Oblivious ‘Sex Traffickers’: Challenging stereotypes and the fairness of US trafficking laws


  • Dr Amber Horning
  • Dr Loretta J Stalans




domestic sex trafficking, pimping, US sex trafficking laws, stereotypes


In this paper, we explore third parties who unexpectedly fell within the legal definition of a sex trafficker. The anti-trafficking lobby and media stories frequently portray traffickers as organised, psychopathic, violent, and child kidnappers. We dismantle these depictions by showing the unexpected people who qualify as traffickers. This paper incorporates findings from two studies involving eighty-five third parties in New York City and forty-nine in Chicago. We analyse how teenagers, drivers, and boyfriends qualify as traffickers under US law. We find that two-thirds of them hold inaccurate views about the difference between sex trafficking and facilitating prostitution. Trafficking can be incidental or temporary, and traffickers in these samples were often oblivious to their legal status, potentially resulting in lengthy prison sentences. We conclude by calling for differential sentencing based on traffickers’ age, and awareness campaigns designed to alert third parties of the legal distinctions between pandering and sex trafficking.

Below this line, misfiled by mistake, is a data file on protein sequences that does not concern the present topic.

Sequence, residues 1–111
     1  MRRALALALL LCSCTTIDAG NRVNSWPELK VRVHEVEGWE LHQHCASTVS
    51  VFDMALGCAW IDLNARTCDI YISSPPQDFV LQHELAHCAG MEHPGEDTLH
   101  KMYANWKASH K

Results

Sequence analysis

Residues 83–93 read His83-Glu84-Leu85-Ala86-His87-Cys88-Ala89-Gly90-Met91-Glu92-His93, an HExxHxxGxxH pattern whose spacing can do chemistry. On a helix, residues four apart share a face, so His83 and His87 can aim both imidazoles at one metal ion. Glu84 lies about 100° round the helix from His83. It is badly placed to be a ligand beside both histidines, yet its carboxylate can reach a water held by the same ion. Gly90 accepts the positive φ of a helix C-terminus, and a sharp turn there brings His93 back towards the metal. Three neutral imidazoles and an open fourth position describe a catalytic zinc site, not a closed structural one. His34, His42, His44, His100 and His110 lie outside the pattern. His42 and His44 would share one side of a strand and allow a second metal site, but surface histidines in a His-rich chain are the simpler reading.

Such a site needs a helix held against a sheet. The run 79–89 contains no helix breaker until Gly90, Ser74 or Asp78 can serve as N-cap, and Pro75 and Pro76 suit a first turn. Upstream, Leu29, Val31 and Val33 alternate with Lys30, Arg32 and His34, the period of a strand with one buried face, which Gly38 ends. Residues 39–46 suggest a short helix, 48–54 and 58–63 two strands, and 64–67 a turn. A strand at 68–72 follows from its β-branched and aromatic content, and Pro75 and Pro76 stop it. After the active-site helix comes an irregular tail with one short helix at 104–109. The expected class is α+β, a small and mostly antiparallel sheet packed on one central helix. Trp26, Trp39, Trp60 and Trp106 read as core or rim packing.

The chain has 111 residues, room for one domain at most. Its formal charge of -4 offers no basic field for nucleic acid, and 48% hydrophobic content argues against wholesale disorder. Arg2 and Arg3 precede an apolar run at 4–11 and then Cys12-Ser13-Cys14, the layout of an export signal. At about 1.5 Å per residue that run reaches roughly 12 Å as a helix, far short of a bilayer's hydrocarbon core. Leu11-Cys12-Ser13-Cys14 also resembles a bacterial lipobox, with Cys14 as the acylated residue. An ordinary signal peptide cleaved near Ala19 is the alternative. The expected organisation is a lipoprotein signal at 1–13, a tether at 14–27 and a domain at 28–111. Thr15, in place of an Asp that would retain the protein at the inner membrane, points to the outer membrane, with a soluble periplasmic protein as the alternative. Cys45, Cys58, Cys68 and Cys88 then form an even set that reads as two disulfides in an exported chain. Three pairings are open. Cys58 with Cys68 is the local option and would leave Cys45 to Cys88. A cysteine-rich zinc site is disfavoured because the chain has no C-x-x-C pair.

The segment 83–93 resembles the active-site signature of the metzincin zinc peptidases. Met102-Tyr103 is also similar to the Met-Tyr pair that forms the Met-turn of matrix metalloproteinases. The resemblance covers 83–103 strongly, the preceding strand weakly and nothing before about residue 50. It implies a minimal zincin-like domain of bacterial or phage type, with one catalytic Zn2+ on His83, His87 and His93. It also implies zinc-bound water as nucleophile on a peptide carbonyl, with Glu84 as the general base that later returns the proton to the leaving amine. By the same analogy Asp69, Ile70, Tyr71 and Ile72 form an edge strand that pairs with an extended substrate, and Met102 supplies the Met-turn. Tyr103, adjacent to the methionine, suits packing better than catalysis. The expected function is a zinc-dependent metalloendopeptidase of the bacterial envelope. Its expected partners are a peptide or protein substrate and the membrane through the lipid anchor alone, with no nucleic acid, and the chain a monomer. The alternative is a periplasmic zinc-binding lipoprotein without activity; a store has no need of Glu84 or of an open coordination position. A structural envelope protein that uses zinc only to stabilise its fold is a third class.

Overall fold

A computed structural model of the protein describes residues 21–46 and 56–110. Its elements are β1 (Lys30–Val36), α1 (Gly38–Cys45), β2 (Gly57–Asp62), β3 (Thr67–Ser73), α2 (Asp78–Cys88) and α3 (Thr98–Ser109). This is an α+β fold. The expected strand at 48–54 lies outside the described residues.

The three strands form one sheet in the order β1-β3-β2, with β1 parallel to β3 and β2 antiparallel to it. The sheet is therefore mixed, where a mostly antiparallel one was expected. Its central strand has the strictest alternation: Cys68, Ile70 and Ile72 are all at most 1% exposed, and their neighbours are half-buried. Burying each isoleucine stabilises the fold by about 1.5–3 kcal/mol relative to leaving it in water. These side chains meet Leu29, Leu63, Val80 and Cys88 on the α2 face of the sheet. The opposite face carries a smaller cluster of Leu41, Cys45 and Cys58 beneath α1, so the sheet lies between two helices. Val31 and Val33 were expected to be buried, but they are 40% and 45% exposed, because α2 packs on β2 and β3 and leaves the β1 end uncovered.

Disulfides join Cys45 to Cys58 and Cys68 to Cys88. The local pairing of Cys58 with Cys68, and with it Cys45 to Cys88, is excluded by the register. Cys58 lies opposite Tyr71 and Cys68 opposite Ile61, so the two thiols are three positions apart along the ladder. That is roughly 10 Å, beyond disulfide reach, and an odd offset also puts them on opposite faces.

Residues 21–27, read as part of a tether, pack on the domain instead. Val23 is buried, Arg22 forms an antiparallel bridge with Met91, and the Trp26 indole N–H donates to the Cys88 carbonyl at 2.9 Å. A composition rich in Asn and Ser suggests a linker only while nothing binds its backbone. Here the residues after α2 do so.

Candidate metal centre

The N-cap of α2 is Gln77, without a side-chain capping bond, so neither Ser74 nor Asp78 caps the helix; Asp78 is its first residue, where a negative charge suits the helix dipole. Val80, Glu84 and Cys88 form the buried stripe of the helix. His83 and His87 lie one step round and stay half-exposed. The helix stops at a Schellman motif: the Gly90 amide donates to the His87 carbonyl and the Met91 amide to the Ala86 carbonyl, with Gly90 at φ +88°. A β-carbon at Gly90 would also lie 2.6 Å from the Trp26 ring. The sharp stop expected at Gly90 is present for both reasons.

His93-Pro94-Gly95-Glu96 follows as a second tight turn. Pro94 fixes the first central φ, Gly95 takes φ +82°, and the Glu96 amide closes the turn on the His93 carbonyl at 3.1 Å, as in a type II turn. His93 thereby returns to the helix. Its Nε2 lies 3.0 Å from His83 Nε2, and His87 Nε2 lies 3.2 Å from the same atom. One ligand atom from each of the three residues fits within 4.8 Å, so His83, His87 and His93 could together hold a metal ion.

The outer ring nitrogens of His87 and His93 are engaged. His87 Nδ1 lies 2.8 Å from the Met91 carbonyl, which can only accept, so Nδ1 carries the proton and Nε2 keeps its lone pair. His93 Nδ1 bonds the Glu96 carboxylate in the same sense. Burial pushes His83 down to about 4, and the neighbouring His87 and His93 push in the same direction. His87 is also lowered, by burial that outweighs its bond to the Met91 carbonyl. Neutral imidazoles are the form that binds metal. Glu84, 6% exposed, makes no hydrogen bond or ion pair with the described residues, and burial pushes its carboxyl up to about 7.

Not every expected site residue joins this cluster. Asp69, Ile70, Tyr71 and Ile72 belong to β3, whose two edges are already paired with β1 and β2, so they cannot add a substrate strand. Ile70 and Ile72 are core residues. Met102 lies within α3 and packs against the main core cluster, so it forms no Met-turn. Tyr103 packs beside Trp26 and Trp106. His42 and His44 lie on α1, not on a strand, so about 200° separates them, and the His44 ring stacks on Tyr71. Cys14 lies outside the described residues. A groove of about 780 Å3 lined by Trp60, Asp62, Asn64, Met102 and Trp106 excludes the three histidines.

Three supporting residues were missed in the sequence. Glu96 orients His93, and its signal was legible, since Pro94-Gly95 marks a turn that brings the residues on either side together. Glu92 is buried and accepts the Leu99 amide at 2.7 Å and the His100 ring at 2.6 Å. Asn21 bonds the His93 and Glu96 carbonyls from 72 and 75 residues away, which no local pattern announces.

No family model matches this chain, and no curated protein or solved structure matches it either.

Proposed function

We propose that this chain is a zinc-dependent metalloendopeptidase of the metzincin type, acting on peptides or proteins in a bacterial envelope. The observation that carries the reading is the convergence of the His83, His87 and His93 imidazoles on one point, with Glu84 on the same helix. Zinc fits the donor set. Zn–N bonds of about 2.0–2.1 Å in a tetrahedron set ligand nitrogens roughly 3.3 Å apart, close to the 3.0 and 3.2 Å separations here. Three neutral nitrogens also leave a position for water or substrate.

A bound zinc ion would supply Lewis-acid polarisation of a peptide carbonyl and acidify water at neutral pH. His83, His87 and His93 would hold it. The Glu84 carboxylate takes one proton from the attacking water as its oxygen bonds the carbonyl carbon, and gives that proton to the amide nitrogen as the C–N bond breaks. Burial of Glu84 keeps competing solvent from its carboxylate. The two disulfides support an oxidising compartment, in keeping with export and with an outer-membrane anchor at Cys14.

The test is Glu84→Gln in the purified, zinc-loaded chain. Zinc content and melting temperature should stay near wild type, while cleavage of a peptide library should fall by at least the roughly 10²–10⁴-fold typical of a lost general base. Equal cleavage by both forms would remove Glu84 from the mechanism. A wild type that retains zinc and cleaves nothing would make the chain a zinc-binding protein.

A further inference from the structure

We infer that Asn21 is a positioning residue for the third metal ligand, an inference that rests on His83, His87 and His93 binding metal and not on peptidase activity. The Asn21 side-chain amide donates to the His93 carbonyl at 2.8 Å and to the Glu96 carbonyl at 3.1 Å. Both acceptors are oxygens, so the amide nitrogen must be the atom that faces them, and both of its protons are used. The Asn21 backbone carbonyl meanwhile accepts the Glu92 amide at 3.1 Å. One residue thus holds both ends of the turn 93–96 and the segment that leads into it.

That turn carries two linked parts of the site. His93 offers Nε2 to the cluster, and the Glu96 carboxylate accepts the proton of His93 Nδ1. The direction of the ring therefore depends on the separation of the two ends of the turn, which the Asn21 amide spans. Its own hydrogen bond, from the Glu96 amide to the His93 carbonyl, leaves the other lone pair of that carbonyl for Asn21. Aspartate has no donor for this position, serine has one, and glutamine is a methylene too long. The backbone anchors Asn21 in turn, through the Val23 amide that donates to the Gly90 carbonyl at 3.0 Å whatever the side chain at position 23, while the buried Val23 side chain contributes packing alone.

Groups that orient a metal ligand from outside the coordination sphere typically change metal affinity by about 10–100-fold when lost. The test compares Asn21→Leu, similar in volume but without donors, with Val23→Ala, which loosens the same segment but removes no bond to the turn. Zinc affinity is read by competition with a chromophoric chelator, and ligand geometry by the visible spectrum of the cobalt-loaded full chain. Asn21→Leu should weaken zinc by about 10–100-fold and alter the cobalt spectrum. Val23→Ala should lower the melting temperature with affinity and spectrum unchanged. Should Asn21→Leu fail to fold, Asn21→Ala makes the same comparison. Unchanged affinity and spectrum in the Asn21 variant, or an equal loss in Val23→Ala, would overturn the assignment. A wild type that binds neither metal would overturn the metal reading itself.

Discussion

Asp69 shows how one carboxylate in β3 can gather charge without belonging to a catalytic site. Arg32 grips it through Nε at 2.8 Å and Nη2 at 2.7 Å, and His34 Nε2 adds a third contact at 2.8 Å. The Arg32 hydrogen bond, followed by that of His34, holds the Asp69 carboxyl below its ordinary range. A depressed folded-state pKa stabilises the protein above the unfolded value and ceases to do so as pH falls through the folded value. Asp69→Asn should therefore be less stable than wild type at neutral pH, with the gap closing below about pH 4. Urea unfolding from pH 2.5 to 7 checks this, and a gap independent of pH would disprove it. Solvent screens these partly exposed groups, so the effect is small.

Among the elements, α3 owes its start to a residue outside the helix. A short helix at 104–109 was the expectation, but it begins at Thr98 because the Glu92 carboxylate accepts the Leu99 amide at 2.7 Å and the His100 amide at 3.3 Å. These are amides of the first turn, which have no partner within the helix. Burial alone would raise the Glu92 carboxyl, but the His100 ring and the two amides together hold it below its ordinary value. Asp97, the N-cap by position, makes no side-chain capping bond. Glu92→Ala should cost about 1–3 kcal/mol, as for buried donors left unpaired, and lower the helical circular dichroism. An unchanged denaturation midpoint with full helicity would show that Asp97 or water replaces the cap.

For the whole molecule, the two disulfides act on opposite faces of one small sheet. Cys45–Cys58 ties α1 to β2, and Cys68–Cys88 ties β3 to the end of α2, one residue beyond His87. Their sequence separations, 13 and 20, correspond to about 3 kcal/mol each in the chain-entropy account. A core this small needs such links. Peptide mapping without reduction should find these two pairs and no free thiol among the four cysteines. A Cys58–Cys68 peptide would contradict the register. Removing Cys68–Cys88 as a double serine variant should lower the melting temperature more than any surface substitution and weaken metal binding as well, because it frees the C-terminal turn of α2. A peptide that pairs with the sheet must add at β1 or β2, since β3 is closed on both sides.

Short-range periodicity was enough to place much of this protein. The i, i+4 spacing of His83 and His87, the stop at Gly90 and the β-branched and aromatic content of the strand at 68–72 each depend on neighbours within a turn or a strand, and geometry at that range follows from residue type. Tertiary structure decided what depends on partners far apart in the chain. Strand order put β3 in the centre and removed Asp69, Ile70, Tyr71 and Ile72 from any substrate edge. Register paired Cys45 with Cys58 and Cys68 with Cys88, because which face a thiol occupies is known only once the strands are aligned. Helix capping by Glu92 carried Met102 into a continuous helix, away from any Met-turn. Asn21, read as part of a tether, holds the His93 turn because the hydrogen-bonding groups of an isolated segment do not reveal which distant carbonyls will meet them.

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Author Biographies

Dr Amber Horning

Dr Amber Horning is an Assistant Professor in the School of Criminology and Justice Studies at the University of Massachusetts, Lowell. They spent almost a decade researching commercial sex markets, human trafficking, and forced migration. Dr Horning led one of the largest studies on third parties in the United States. They have extensive fieldwork experience with hidden populations. Dr Horning has a unique background and they engage in high-level interdisciplinary research utilising innovative mixed-methods approaches.

Dr Loretta J Stalans

Dr Loretta J Stalans is a Professor in the Criminal Justice and Criminology Department and Psychology Department at Loyola University Chicago. She has published extensively in the areas of public opinion about crime and punishment, intimate partner violence, and sexual offending, through an interdisciplinary lens and utilising diverse methodologies. Over the last decade, her research has focused on illicit sex trades and scams for financial or personal gain in virtual spaces.




How to Cite

Horning, A., & Stalans, L. (2022). Oblivious ‘Sex Traffickers’: Challenging stereotypes and the fairness of US trafficking laws. Anti-Trafficking Review, (18), 67–86. https://doi.org/10.14197/atr.201222185